CAFA (Class Action Fairness Act of 2005) Determination of “Commencement” of Action Turns on State Law Fifth Circuit Holds
On May 3, 2006, the Fifth Circuit Court of Appeals issued its opinion in Patterson v. Dean Morris, L.L.P., ___ F.3d ___, 2006 WL 1156388 (5th Cir. 2006), where it considered whether an action that had been filed on February 17, 2005 (prior to CAFA’s February 18, 2005 effective date), but the filing fees not paid until February 22, 2005, could be removed to federal court under CAFA (Class Action Fairness Act of 2005). Slip Opn., at 6-7. The district court remanded the consolidated actions finding that CAFA did not apply, and the Fifth Circuit affirmed. Id., at 6. The Fifth Circuit’s analysis turned entirely upon state law, determining when Louisiana would deem the action to have been “commenced.” In so analyzing the case, the Court joined several sister circuits in relying upon state law to determine when an action has “commenced” under CAFA.
Louisiana law permits a party to fax-file a complaint, provided that the filing fee be paid within 5 days thereof, together with a $5 “transmission fee.” If a plaintiff fails to pay the required filing fee and transmission fee, then the fax filing “shall have no force or effect.” Slip Opn., at 7 (citations omitted). In Patterson, plaintiffs paid the court $3,039 on February 22. However, on May 12 plaintiffs learned that they owed the court an additional $2,145 in fees, which they did not pay until June 14. Defendants urged that the late payment took the action outside of the Louisiana statute’s five-day deadline, so the effective date of the commencement of the lawsuit was after the effective date of CAFA. Slip Opn., at 7.
Patterson summarized the legal issue as follows:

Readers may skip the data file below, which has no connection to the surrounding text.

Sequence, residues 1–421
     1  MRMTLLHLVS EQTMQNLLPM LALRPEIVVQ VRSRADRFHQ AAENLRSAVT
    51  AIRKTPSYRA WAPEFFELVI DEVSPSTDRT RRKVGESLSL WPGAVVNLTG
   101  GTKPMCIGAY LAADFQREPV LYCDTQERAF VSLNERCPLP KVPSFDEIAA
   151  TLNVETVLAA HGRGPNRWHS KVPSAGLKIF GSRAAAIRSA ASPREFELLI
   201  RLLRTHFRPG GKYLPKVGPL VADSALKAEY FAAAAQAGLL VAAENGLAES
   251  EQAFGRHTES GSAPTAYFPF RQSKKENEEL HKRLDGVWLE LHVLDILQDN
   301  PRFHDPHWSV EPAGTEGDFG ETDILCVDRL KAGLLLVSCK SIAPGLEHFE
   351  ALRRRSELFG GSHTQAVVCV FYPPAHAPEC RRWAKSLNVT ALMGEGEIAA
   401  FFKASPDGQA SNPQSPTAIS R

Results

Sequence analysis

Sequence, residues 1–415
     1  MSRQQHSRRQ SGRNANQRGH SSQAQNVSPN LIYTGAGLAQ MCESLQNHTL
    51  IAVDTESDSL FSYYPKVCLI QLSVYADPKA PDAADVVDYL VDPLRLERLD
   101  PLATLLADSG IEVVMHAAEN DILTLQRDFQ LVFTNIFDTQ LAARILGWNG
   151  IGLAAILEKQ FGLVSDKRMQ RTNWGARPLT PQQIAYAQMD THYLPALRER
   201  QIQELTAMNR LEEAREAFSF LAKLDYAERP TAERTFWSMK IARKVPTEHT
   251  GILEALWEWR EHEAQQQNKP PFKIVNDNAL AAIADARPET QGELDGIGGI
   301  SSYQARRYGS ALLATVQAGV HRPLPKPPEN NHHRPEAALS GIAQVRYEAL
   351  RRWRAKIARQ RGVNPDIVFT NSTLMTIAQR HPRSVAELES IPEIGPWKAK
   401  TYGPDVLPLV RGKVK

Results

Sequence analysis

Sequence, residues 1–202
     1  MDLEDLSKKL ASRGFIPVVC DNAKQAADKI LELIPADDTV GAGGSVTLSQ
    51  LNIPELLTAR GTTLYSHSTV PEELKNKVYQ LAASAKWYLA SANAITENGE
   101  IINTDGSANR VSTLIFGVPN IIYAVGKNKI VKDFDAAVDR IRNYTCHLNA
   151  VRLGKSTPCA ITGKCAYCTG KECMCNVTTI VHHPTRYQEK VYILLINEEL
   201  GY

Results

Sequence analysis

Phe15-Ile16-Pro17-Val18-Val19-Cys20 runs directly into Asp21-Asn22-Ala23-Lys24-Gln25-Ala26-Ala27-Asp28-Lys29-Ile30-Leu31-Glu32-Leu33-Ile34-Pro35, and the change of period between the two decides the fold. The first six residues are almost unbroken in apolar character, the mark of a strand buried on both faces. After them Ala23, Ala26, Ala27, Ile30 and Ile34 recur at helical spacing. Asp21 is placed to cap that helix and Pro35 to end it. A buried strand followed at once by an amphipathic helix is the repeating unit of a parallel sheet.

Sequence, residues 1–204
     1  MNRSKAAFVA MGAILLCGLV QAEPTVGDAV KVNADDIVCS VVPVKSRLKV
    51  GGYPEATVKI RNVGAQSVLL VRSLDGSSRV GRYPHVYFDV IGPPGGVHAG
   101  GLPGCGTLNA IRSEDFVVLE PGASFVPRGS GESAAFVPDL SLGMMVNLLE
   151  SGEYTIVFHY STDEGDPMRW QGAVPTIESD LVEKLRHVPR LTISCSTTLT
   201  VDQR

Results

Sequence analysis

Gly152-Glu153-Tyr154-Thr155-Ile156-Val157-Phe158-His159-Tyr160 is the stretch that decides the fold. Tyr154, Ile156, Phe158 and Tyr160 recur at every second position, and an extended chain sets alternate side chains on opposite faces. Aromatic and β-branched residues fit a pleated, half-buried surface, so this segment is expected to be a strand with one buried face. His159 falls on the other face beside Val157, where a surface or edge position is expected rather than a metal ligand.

CAFA provides for original jurisdiction in federal court of certain class actions “commenced on or after the date of enactment,” which is February 18, 2005. Id. Plaintiffs allege that their actions commenced on February 17, 2005, the date they fax-filed their complaints. Defendants allege plaintiffs failed to pay required fees at the time of filing, and therefore the actions did not commence until May 6, when plaintiffs amended their complaints, or June 14, when they paid the balance of the fees. It is undisputed that, if plaintiffs’ actions commenced on or after February 18, CAFA would apply, and remand would be inappropriate. Slip Opn., at 6-7.
Patterson determined that under Louisiana caselaw an action complies with the fax-filing statute if the plaintiff timely tenders the filing fee plus the fax transmission fee, as this constitutes the “applicable filing fee.” Additional fees – such as fees for “extra plaintiffs” or “extra defendants” – need not be paid within 5 days of the fax filing of the complaint. Slip Opn., at 7-8. The Court’s opinion, revised May 23, 2006, is available for download below and is worth reading.
NOTE: The Patterson defendants also asserted “that the district court erred by assigning the burden of proof to them to show that removal was appropriate.” Slip Opn., at 6. The Court found it unnecessary to address the burden of proof issue, but noted with approval the Seventh Circuit’s opinion in Brill v. Countrywide Home Loans, Inc., 427 F.3d 446, 447-48 (7th Cir. 2005), which applied “the ‘well-established’ rule that the proponent of removal bears the burden of persuasion,” id., at 6 n.2.
Defendants also argued that even if CAFA did not apply, the district court had jurisdiction under the general bankruptcy removal statute. See 28 U.S.C. § 1452. On this issue, the district court had “equitably remanded the action,” and the Fifth Circuit held that such remand decisions are not reviewable on appeal. Slip Opn., at 8-9.